Undersea Caves Primary Resource
Discover the secrets of the blue holes…
This primary resource explores the geographical phenomenon of undersea caves. Discover the hidden secrets of this unique underwater environment. How have undersea caves formed over time? What creatures live there? What incredible fossils have been found in undersea caves?
By investigating an incredible cave system off the coast of the Bahamas, children will learn about the unique environment of undersea caves in this National Geographic Kids geography primary resource.
The teaching resource can be used in study group tasks for discussing geographical formations as well as marine environments and habitats. It can be used as a printed handout for each pupil to review and annotate, or for display on the interactive whiteboard, using the images included in the resource for class discussion.
Activity: Ask children to imagine they are deep sea divers exploring undersea caves. Pupils could write an account of their aquatic adventure. Their stories could include facts and information from our primary resource, as well as their own imaginative ideas. What creatures do they see? What fossils do they find? What do the caves look like?
N.B. The following information for mapping the resource documents to the school curriculum is specifically tailored to the English National Curriculum and Scottish Curriculum for Excellence. We are currently working to bring specifically tailored curriculum resource links for our other territories; including South Africa, Australia and New Zealand. If you have any queries about our upcoming curriculum resource links, please email: firstname.lastname@example.org
This Undersea Caves primary resource assists with teaching the following Geography objectives from the National Curriculum:
- The national curriculum for geography aims to ensure that all pupils understand the processes that give rise to key physical and human geographical features of the world, how these are interdependent and how they bring about spatial variation and change over time.
National Curriculum Key Stage 1 Geography objective:
Pupils should be taught to:
- Name and locate the world’s seven continents and five oceans.
- Use basic geographical vocabulary to refer to: key physical features, including: beach, cliff, coast, forest, hill, mountain, sea, ocean, river, soil, valley, vegetation, season and weather.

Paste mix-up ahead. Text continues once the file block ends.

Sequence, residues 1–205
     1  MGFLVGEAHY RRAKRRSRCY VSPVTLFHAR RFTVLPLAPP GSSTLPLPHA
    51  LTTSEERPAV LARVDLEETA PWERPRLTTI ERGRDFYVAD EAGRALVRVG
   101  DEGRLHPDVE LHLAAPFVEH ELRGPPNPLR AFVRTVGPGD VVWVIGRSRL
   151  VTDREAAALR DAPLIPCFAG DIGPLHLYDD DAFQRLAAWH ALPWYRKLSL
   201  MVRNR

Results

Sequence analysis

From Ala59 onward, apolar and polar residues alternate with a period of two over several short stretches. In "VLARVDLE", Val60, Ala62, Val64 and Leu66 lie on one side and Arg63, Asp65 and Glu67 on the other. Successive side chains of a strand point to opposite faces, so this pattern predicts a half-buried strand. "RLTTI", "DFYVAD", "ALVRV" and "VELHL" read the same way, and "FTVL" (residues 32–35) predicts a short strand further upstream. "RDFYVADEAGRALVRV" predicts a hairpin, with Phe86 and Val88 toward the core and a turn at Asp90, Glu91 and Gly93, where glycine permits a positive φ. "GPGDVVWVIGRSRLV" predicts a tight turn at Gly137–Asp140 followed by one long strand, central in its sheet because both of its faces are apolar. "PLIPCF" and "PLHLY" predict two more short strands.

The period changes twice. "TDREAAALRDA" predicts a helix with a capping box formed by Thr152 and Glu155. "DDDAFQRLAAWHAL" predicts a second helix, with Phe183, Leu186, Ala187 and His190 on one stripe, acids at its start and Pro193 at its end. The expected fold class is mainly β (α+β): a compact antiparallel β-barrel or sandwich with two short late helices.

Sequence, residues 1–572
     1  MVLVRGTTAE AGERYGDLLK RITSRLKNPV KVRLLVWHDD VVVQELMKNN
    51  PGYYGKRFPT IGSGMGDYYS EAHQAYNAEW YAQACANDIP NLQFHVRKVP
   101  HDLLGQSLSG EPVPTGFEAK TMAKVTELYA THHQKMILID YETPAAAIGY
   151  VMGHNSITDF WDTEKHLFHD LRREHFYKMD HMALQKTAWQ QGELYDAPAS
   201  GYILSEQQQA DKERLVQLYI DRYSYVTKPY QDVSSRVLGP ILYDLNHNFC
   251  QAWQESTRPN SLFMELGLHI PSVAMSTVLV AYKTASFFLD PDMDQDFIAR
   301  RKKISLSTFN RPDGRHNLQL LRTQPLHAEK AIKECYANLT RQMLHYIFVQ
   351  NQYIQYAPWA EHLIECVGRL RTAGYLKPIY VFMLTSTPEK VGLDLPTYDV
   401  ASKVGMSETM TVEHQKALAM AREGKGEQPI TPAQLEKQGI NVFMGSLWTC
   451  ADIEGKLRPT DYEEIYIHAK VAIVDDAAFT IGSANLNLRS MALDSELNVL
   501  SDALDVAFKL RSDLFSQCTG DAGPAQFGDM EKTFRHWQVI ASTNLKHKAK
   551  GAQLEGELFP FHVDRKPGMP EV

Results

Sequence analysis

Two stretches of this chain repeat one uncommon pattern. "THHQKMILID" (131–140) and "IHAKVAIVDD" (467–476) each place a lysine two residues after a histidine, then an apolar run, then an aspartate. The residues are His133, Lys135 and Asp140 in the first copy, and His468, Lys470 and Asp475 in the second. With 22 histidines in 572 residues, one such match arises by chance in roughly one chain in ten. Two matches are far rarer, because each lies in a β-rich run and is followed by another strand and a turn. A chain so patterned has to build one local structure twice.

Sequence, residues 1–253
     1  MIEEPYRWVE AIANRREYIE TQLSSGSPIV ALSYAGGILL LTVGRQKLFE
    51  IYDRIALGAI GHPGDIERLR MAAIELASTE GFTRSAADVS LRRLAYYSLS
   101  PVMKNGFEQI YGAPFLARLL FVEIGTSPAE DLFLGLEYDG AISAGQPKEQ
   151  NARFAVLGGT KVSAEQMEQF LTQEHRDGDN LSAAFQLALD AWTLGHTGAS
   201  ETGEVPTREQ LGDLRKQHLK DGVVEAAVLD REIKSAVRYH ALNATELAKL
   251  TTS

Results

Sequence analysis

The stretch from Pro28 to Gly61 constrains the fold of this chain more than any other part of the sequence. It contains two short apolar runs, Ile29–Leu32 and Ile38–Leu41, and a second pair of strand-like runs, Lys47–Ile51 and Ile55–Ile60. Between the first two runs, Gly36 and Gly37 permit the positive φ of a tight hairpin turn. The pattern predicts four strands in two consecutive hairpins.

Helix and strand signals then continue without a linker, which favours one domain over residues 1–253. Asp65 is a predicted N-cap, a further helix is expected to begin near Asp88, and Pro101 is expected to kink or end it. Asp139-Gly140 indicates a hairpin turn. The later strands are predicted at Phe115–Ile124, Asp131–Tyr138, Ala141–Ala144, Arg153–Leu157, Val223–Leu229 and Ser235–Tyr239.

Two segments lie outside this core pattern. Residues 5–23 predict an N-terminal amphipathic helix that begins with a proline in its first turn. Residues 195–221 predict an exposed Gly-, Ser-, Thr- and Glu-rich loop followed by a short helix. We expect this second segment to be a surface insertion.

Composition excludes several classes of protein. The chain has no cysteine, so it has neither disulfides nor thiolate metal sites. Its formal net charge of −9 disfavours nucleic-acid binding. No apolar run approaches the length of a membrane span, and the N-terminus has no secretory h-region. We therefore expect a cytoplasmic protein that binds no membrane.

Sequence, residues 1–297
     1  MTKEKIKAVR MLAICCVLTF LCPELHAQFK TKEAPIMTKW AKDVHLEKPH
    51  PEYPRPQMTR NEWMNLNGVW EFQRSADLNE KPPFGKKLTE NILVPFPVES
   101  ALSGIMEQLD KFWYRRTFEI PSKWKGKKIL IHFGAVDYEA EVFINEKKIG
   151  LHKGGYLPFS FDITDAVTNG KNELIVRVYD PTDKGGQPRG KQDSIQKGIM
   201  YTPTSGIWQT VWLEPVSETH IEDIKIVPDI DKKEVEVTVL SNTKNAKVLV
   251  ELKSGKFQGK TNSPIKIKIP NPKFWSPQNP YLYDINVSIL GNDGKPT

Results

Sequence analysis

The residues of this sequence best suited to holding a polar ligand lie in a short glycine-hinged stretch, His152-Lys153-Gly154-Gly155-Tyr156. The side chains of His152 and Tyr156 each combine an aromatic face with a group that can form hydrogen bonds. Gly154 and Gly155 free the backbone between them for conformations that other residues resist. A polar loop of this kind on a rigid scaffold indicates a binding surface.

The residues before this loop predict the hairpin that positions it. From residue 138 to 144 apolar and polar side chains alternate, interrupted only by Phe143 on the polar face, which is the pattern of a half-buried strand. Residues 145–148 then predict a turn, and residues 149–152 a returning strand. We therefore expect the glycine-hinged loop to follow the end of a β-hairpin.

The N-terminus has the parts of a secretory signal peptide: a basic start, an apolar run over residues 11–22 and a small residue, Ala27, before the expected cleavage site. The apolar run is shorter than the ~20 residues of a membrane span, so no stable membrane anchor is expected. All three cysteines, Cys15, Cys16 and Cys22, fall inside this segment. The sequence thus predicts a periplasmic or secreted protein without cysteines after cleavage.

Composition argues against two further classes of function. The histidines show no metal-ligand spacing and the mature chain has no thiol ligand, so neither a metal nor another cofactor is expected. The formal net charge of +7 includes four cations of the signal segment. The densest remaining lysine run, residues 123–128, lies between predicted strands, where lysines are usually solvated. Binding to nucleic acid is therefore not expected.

National Curriculum Key Stage 2 Geography objective:
- Locate the world’s countries, using maps to focus on Europe (including the location of Russia) and North and South America, concentrating on their environmental regions, key physical and human characteristics, countries, and major cities.
- Describe and understand key aspects of: physical geography, including: climate zones, biomes and vegetation belts, rivers, mountains, volcanoes and earthquakes, and the water cycle.
This Undersea Caves primary resource assists with teaching the following Science objectives from the National Curriculum:
The national curriculum for science aims to ensure that all pupils:
- Develop understanding of the nature, processes and methods of science through different types of science enquiries that help them to answer scientific questions about the world around them.
National Curriculum Key Stage 2 (Year 3) Science objective:
Pupils should be taught to:
- Describe in simple terms how fossils are formed when things that have lived are trapped within rock.
This Undersea Caves primary resource assists with teaching the following Social Studies First level objective from the Scottish Curriculum for Excellence:
- By exploring a natural environment different from my own, I can discover how the physical features influence the variety of living things.
Scottish Curriculum for Excellence Third level Social Studies objectives:
- Having investigated processes which form and shape landscapes, I can explain their impact on selected landscapes in Scotland, Europe and beyond.
Scottish Curriculum for Excellence Fourth level Social Studies objectives:
- I can explain how the interaction of physical systems shaped and continue to shape the Earth’s surface by assessing their impact on contrasting landscape types.
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